Well, at least there's no pretense about plans for the future, even if it means "I'll miss my sister, miss my father, miss my dog and my home," and ends up with divorce, more models, and "We'll choke on our vomit and that will be the end/We were fated to pretend."
They slow down a little with the guitar-led, sparkling pop of "Weekend Wars," and the shimmering psychedelic echoes of the languid "The Youth" ("We could flood the streets/with love or light or heat/whatever!"). But then they happily speed back up again -- beat-heavy funky tunes, undulating playful synthpop, and rapid-pattering electronic psychedelica. Styles are jumbled seamlessly.
As the album's end approaches, the songs get even more complex, as if the band is learning the ropes as they go along. We have an acoustic-led ballad, a sly rippling pop melody, and a dancy, intimate-sounding finale -- not to mention the utterly sublime "Of Moons, Birds & Monsters," a deliriously beautiful psychpop melody strung with colourful synth, spacey sound effects, and guitars that chime like church bells.
"Oracular Spectacular" is the sound of a magnificently talented band that is still getting its bearings, and exploring the blended sound they've created. Most of the songs on this album are of good quality but not brilliant -- and then MGMT suddenly bursts forth in full-blown musical splendor, with some truly larger-than-life pop rippling with exquisite instrumentation.
Much of that instrumentation comes from the subtle percussion, and a series of guitars that can drive the melody forwards like a speeding car, then can suddenly turn into a mass of psychedelic blurs, murmurs and chimes. You can hear some handclaps and what sounds like kettle drums buried in there as well, plus the occasional bashed cymbals.
But the synth is nothing short of gorgeous, and it permeates every song in the album. Sometimes it's a chirp, tweak, squeak or electronic chime on the edges, but sometimes it's a sweep of truly exquisite shimmering sound. "The Handshake" sounds like it was recorded underwater at times.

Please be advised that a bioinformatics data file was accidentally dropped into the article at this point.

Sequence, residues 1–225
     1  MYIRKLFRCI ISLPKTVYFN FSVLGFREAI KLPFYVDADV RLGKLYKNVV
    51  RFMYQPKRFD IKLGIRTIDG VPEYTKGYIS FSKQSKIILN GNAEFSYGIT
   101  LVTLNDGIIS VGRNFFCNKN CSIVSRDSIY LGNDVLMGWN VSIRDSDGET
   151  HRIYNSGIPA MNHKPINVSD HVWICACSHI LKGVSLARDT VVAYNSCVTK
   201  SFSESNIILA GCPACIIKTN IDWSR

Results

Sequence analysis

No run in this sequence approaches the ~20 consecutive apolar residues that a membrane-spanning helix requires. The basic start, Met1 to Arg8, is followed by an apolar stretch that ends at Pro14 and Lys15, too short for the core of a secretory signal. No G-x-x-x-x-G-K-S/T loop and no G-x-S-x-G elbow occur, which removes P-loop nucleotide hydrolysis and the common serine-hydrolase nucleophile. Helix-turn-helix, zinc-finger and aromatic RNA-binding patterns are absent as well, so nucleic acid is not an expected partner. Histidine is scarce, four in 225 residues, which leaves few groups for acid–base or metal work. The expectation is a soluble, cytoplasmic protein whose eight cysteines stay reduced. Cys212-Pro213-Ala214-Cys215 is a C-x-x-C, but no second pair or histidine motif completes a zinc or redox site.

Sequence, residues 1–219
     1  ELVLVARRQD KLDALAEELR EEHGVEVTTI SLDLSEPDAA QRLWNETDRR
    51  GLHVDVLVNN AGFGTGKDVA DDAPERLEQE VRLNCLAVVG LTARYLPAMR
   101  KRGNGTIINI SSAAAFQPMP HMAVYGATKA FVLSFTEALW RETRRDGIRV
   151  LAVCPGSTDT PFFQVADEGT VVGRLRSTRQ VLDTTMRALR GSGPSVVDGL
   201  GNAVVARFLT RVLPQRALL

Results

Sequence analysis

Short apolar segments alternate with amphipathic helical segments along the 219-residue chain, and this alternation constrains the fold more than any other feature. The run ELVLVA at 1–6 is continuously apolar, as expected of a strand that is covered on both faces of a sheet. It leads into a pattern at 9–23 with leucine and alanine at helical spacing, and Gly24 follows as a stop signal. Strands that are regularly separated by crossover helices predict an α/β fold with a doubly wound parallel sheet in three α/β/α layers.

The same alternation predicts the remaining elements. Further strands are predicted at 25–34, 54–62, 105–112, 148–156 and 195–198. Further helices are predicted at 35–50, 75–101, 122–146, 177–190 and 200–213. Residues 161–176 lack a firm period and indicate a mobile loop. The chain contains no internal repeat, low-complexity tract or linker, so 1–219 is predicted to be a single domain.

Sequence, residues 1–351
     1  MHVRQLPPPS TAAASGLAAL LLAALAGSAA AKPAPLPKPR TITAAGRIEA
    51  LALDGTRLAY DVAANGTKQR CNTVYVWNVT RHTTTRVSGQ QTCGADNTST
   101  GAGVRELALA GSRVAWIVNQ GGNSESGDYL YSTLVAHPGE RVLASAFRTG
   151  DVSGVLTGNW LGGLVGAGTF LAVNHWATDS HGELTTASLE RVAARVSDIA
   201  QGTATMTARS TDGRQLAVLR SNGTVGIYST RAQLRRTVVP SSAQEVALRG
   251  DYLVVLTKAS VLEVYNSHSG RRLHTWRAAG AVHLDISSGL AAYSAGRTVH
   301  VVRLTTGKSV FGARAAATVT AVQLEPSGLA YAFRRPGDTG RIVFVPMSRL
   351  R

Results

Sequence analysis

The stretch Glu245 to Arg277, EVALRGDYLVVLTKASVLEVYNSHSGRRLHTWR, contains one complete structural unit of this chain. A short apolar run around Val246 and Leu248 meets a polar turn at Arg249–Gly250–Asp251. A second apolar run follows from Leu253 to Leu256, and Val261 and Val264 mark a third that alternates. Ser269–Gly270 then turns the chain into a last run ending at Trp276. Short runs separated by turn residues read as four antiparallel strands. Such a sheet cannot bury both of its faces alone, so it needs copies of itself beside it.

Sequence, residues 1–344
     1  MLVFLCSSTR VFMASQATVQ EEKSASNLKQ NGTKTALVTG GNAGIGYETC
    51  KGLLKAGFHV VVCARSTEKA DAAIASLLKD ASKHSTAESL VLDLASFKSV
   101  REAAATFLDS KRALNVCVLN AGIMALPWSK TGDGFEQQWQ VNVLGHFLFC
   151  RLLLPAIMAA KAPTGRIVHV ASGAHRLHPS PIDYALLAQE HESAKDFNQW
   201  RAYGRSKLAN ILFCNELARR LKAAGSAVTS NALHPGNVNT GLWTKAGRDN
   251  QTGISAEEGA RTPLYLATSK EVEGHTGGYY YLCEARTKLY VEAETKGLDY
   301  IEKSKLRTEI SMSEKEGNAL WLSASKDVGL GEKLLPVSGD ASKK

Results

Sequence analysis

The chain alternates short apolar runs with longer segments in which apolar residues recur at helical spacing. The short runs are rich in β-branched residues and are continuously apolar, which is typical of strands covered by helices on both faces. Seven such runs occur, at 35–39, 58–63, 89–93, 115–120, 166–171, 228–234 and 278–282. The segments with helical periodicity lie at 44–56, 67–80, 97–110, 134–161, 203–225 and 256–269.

Ben Goldwasser and Andrew VanWyngarden's soft voices are layered through most of the album, although occasionally one of them sings solo. It adds an otherworldly sound as their vibrant lyrics explore youthful revels, rock'n'roll, otherworldly transformations ("My liquid silver arms extended/These waves aren't far apart... I am fire, where's my form?") and who knows what else ("Why'd you cut holes in the face of the moon base?/Don't you know about the temperature change/In the cold black shadow?").
"Oracular Spectacular" lives up to its name -- outstanding music that only promises to become better, shimmering with colorful pop and boundless imagination.
Only a quick review this one having only listened to this album 3 or 4 times. It's a rewarding listen and some of the tunes i just cant get out of my head.Track one has this insistent 'Erasure-ish' keyboard riff which nags until it becomes lodged firmly in the brain (if ya have one..he he!!),witty lyrics and some corking tunes follow,accomapnied by THE most fabulous production techniques courtesy of the brilliant David Fridmann of Flaming Lips,Mercury Revs latter albums fame (and he deserves the mention everytime). A very accomplished album all in all.Well worth investigation if you admire the aforementioned artists and Of Montreal. Play loud and ENJOY!!
I'm actually surprised by the 2 bad reviews this album has received because I've listened to the 'Time To Pretend' ep and Oracular Spectacular and have fallen in love with both. I originally avoided listening to MGMT because I believed they were most probably undeservingly over-hyped and a bit 'cooler-than-thou' for my liking. However, I'm sorry I procrastinated because now I literally can't get enough of their beautiful, psychedelic, Bowie-esque, electric gorgeousness. Oracular Spectacular is one of the best albums I've heard in ages and I'd urge anyone to give it a try.